Imagine you’ve got a shiny computer that is identical to a Macbook Air, except that it has the energy efficiency of a machine from 20 years ago. That computer would use so much power that you’d get a mere 2.5 seconds of battery life out of the Air’s 50 watt-hour battery instead of the seven hours that the Air actually gets. That is to say, you’d need 10,000 Air batteries to run our hypothetical machine for seven hours. There’s no way you’d fit a beast like that into a slim mailing envelope.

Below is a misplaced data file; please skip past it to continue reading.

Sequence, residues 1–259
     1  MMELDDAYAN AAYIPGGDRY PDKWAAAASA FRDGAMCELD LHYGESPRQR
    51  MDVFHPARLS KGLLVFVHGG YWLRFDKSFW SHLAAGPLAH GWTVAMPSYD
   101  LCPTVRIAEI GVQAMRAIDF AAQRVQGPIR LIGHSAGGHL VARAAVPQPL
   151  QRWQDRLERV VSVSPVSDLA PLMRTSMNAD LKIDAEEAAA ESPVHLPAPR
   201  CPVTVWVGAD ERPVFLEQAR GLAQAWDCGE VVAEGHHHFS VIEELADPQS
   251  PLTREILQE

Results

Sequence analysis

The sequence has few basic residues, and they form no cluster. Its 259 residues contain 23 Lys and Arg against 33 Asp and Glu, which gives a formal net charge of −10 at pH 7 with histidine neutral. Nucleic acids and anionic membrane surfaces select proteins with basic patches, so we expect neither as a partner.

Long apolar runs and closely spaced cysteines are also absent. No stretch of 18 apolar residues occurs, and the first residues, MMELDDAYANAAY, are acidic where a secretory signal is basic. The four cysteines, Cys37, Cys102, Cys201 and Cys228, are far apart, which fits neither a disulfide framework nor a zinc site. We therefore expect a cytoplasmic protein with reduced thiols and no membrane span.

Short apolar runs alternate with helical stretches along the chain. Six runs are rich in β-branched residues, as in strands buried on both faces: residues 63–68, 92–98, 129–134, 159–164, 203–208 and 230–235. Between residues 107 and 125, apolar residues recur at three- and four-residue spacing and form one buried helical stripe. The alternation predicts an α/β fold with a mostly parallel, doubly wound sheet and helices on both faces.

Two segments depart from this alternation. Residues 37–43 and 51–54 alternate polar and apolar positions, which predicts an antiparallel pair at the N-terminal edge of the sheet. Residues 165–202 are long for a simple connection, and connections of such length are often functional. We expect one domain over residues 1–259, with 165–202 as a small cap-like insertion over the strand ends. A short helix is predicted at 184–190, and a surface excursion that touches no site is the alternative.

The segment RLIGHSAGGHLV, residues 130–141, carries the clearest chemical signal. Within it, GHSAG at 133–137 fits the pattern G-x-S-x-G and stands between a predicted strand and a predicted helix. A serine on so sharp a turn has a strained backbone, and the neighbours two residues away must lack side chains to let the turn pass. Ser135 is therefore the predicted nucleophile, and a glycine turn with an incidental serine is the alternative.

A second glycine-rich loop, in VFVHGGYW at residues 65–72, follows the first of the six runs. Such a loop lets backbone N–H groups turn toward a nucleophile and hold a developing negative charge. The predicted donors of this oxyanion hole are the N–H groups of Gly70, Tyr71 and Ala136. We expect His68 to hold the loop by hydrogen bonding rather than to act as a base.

This is one fascinating consequence of a trend that Stanford consulting professor Jonathan Koomey has discovered in the history of computing. For the last 60 years, "the electrical efficiency of computation has doubled roughly every year and a half," according to Koomey’s latest paper in the IEEE Annals of the History of Computing.
via The Atlantic – If a MacBook Air Were as Inefficient as a 1991 Computer, the Battery Would Last 2.5 Seconds. Moore’s law finds it way into another part of the computer industry.